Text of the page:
As Jason Brown was sulking through the darkest time in his life, it helped to have a familiar face just across the hall.
The former Chancellor star quarterback suffered a torn ACL in a spring 2017 all-star game and was unable to practice with his teammates at Saint Francis (Pa.) University—the school he signed a national letter of intent with earlier that year.
Brown’s activity level in 2017 was hindered because of the injury, but he maintained the same eating habits. The result: he ballooned to 260 pounds and no longer resembled the 6-foot-2, 180-pound dual-threat that had the Red Flash coaching staff so enthralled.
When Brown finally took the field in the spring of 2018, his weight was up and his morale was down.
“It was rough,” Brown said. “I thought about quitting football.”
But Brown’s teammate, Saint Francis wide receiver E.J. Jenkins, has been one of his best friends since sixth grade at Freedom Middle School in Spotsylvania County.
They went on to set numerous records as a quarterback–receiver tandem at Chancellor.
Jenkins helped keep Brown afloat and this season their relationship has the potential to pay off.
Brown has dropped 25 pounds and is demonstrating the mobility and strong arm he had at Chancellor. He worked with the Saint Francis first-string offense for spring practice and began fall camp on Friday with the top unit. Jenkins (6-foot-7, 235 pounds) is slated to be a starting receiver.
This summer they’ve continued to hone their chemistry as they prepare for what they hope are simultaneous breakout seasons.
“I hope it plays out that way,” Jenkins said. “Every time he throws a touchdown I have little flashbacks of childhood memories. It’s just a great feeling to be able to celebrate with your brother. Not everybody gets a chance to do that.”
Jenkins had faith he and Brown would eventually emerge at the college level. At Chancellor, Brown set school records in career passing yards (6,051), touchdown passes (71), total touchdowns in a season (41) and touchdowns in a game (seven).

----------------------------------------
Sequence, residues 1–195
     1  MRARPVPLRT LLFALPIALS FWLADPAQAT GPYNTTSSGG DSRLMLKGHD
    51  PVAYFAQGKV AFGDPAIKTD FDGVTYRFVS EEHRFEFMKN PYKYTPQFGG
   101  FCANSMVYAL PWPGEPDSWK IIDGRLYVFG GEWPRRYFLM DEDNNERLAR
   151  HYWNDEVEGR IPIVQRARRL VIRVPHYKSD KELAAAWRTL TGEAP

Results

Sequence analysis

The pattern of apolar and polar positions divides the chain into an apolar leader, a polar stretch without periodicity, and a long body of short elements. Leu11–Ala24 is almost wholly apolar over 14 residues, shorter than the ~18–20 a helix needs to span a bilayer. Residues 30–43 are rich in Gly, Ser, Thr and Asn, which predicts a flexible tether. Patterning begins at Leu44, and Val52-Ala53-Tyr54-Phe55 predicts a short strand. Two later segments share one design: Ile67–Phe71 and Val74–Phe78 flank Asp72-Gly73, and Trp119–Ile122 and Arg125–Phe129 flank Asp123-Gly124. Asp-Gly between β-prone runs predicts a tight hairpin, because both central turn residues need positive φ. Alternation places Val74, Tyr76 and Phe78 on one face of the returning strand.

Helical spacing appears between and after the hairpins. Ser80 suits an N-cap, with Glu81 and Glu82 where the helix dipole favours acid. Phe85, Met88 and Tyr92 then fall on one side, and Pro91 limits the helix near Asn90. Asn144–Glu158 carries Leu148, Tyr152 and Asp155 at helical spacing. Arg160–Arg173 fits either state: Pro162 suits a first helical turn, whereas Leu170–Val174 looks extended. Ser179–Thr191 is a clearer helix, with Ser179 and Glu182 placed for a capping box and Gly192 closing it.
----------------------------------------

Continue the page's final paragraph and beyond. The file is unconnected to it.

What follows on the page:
Jenkins set Chargers’ records in career receiving yards (4,310) and touchdown receptions (37) among other marks.
They lived across the hall from each other as true freshmen but have been roommates the past two years. Jenkins was there to pick Brown up as he slipped into despair.
“He was depressed for a while,” Jenkins said. “But I was just motivating him every day and I knew he was going to get back. I knew he was a fighter. I knew he wasn’t going to stop until he got back to where he wanted to be.”
Brown appeared sparingly in six games last season as a redshirt freshman and completed 2 of 8 passes, including a 38-yarder. Jenkins appeared in nine contests and hauled in five catches for 52 yards and a touchdown.
Brown found Jenkins for a scoring strike in the team’s spring game.
Saint Francis offensive coordinator Marco Pecora, who recruited the pair, said both have tools he’s eager to explore this season.
Pecora said Jenkins is a “joy to coach” because he’s a bit of a throwback in that he quietly goes about his job with no griping to coaches or teammates.
“He doesn’t say much and he does everything you ask him to do,” Pecora said. “If he doesn’t do it the right way the first time, he’ll line back up and try again.”
Pecora said Jenkins’ size makes him a prototypical target in the red zone, but the coaching staff is working on developing him into a complete receiver. He said Jenkins’ strongest attribute (his size) is also his biggest hindrance because he’s yet to fully learn the nuances of the position. He’s been able to use his physical dimensions to overpower opponents and that’s no longer the case.
Pecora said despite Jenkins’ size—he’s added 45 pounds of muscle since high school—there is no thought about converting him into a tight end.
“We don’t have any inclination right now to move his position,” Pecora said. “We’re trying to get him to be the best receiver he can be in terms of route running and catching. He has so much room to grow we don’t want to hinder anyone’s growth by moving them around too much.”
Pecora said Brown “has done a great job off the field of preparing his body for the demands of the sport.”
He said this past spring Brown made great strides in learning the mental aspect of playing college quarterback. Brown said this summer he’s also been working on his footwork and “truly understanding a defense.”
Brown said in high school, Jenkins went deep and he simply launched the ball and expected a catch to be made.
Although Brown said college isn’t that simple, Pecora said he’s thrilled to see many of the traits he noticed about Brown in high school resurfacing, especially his mobility.
“I want him to focus on marginal gains every single day and just work to be the best player he can be and the best teammate he can be,” Pecora said. “The greatest thing about coaching him is that there are no limits to his ability and no physical demand he can’t match. It’s just about harnessing his talent, playing within the scheme and playing for his teammates.”